SDOT weighs flood of complaints after nixing 35th Ave NE bike lanes
Months after putting the brakes on a controversial bike lane project along 35th Avenue Northeast, reports of unsafe driving and dangerous conditions for cyclists are stacking up.
“We’re … hearing feedback about driver behavior and speeding being used to intimidate people riding bicycles in the street,” the Seattle Department of Transportation said in an update sent to its email subscribers on Friday.
Originally, a proposed project would have reduced a 2.3-mile stretch of 35th Ave NE through Wedgwood, Ravenna, and Bryant to one lane of traffic in either direction. It also would have replaced parking on the west side of the street with bike lanes, with select areas protected by three feet of buffer space.
After a flood of negative feedback from the neighborhood — including roughly 70 percent of 35th Avenue NE businesses — the plan to create protected bike lanes was nixed. SDOT instead opted to add center turn lanes in parts of 35th among other changes to the roadway.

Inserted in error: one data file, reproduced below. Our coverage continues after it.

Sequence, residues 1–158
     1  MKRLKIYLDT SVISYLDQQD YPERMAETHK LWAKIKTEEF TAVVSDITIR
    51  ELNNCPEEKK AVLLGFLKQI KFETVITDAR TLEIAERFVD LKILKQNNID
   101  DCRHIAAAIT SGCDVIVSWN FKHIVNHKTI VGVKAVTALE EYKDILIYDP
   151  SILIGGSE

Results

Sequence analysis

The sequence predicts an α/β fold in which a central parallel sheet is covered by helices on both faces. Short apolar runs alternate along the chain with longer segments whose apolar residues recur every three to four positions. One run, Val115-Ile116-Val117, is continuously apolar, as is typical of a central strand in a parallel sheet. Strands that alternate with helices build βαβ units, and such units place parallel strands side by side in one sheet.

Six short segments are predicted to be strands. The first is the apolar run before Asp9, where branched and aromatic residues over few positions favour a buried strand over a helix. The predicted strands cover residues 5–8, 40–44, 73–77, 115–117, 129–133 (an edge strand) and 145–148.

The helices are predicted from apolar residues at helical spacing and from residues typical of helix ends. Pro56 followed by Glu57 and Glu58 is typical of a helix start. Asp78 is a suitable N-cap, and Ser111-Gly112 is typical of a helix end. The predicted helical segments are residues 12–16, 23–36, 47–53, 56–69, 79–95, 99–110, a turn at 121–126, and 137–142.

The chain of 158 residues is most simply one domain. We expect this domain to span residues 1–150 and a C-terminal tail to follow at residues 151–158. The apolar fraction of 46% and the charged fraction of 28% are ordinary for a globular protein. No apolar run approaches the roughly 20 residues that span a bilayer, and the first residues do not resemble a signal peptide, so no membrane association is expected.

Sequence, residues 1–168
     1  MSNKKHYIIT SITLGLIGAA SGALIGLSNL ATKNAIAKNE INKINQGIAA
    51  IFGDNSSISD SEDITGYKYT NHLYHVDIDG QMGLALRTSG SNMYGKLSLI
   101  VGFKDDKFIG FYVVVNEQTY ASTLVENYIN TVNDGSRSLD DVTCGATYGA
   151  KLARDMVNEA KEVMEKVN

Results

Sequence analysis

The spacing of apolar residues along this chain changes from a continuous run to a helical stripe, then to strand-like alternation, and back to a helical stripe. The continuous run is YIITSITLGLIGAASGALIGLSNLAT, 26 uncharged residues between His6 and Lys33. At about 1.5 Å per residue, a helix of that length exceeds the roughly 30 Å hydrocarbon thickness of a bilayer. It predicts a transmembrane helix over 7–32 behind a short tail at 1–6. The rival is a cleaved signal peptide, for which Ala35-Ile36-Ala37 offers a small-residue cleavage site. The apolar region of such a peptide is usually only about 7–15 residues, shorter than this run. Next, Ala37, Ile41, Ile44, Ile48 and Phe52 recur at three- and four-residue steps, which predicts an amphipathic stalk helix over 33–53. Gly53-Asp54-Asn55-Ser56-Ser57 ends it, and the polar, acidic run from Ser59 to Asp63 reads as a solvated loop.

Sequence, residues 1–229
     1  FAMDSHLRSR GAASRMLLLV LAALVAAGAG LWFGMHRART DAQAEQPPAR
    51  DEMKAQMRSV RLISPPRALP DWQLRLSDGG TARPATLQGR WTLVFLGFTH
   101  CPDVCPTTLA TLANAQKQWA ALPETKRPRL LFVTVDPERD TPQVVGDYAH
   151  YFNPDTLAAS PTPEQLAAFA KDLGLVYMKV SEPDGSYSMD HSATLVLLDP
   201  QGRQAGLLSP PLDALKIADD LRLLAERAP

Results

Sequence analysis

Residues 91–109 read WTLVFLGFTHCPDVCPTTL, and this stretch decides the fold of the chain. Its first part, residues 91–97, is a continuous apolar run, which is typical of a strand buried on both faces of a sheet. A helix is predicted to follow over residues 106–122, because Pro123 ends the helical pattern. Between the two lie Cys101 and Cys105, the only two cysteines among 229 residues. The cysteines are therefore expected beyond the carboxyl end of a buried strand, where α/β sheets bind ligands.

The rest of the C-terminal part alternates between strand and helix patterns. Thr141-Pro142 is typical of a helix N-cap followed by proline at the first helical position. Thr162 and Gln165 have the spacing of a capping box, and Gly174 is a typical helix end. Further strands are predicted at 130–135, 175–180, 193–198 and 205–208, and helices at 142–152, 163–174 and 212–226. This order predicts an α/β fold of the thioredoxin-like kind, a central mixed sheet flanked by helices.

Construction is now wrapping up on the amended plan. That’s come paired with complaints from cyclists and pedestrians, many of whom have taken to Twitter using the hashtag #Durkanspeedway to speak on conditions along the 35th Avenue NE corridor. Reports from users range from cars using the center turn lane to pass cyclists, to drivers speeding over 40 miles an hour.
“Watch 35th Ave NE in action … what are the odds of someone getting killed on 35th this year?” one user said.
“I drove the #DurkanSpeedway in a car for the first time since the redesign last night. The wide lanes are working exactly as expected. At the 30 mph limit, cars in front of me rapidly pulled away, & cars stacked up behind me. The desire speed seems to be 45-50 mph,” said another.
SDOT’s latest update noted it would be reviewing data to see if there’s been a change in “aggressive driving and the number of collisions.” It also said it would be adjusting striping, and installing vertical posts along center turn lanes to discourage drivers from using them to pass cyclists.
“As we have seen on other streets with a new striping configuration, there is always a period of adjustment as people get used to the changes,” said SDOT.